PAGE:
Fatih Anfasa, Marco Goeijenbier, Widagdo Widagdo, Jurre Y. Siegers, Noreen Mumtaz, Nisreen Okba, Debby van Riel, Barry Rockx, Marion P. G. Koopmans, Joost C. M. Meijers and Byron E. E. Martina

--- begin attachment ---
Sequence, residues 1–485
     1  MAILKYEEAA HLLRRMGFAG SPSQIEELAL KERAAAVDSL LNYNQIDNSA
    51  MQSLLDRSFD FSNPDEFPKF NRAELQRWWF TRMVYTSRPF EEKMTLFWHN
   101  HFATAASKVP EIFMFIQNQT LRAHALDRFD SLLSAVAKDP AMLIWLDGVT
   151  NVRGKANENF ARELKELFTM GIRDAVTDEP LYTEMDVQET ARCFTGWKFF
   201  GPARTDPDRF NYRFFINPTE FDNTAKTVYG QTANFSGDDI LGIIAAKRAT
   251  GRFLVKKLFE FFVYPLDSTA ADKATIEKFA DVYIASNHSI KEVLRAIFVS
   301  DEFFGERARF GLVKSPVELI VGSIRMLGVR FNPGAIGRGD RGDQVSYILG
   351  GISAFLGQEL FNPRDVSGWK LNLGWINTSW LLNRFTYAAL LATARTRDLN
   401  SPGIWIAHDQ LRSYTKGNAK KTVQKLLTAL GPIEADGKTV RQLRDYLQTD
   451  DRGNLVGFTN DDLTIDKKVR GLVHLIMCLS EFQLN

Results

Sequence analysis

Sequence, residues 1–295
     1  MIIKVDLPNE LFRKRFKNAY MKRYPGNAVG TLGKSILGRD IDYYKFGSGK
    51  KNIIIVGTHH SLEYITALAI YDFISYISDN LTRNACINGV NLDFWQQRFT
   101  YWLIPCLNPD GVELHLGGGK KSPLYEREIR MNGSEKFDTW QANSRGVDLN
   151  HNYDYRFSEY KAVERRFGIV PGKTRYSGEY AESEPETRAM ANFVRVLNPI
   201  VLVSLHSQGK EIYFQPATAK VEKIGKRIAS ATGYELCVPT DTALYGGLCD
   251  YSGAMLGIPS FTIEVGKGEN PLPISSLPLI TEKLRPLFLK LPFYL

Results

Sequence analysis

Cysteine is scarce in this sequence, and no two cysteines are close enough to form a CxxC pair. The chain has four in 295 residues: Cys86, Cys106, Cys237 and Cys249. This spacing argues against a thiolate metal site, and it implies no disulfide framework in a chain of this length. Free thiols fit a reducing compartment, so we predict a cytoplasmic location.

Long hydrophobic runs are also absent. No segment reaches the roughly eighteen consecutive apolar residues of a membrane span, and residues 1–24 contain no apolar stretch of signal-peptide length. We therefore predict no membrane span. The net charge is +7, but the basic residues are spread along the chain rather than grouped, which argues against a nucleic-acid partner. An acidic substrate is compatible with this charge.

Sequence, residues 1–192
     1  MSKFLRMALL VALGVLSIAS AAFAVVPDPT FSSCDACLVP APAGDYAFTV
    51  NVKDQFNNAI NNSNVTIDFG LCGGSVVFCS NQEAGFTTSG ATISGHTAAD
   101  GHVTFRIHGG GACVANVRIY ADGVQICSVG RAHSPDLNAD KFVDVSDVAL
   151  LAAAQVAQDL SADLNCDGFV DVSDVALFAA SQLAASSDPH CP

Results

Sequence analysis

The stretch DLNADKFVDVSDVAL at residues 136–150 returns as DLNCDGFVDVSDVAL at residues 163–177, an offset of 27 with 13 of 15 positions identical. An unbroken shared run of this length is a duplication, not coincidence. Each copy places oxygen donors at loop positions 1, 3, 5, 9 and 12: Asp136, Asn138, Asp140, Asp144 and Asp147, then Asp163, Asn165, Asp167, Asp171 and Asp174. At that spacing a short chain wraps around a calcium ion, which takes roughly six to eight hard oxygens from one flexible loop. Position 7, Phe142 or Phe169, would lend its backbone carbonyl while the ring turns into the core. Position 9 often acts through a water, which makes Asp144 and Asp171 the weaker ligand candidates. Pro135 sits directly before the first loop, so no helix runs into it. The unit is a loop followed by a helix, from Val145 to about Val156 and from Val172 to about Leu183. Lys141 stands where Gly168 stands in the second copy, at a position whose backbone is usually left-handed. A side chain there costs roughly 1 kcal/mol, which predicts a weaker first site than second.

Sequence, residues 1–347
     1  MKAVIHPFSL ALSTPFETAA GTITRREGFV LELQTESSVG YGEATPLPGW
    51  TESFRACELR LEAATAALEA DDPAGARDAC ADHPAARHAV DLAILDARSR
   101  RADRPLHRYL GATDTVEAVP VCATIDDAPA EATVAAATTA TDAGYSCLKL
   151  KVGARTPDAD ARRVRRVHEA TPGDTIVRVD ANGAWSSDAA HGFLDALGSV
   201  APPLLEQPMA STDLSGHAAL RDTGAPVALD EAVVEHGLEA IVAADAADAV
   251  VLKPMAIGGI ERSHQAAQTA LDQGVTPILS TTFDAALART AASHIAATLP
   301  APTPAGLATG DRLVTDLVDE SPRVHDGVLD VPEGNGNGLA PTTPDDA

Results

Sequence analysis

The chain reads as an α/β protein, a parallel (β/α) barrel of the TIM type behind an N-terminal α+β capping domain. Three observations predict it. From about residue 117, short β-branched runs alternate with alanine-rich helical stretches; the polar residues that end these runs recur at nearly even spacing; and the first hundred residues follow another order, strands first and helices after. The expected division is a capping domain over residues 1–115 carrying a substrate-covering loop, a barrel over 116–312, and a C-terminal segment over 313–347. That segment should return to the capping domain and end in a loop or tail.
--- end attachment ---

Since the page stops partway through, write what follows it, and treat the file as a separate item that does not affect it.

Zika virus (ZIKV) infection is typically characterized by a mild disease presenting with fever, maculopapular rash, headache, fatigue, myalgia, and arthralgia. A recent animal study found that ZIKV-infected pregnant Ifnar−/−mice developed vascular damage in the placenta and reduced amount of fetal capillaries. Moreover, ZIKV infection causes segmental thrombosis in the umbilical cord of pregnant rhesus macaques. Furthermore, several case reports suggest that ZIKV infection cause coagulation disorders. These results suggest that ZIKV could cause an alteration in the host hemostatic response, however, the mechanism has not been investigated thus far. This paper aims to determine whether ZIKV infection on HUVECs induces apoptosis and elevation of tissue factor (TF) that leads to activation of secondary hemostasis. We infected HUVECs with two ZIKV strains and performed virus titration, immunostaining, and flow cytometry to confirm and quantify infection. We measured TF concentrations with flow cytometry and performed thrombin generation test (TGT) as a functional assay to assess secondary hemostasis. Furthermore, we determined the amount of cell death using flow cytometry. We also performed enzyme-linked immunosorbent assay (ELISA) to determine interleukin (IL)-6 and IL-8 production and conducted blocking experiments to associate these cytokines with TF expression. Both ZIKV strains infected and replicated to high titers in HUVECs. We found that infection induced elevation of TF expressions. We also showed that increased TF expression led to shortened TGT time. Moreover, the data revealed that infection induced apoptosis. In addition, there was a significant increase of IL-6 and IL-8 production in infected cells. Here we provide in vitro evidence that infection of HUVECs with ZIKV induces apoptosis and elevation of TF expression that leads to activation of secondary hemostasis.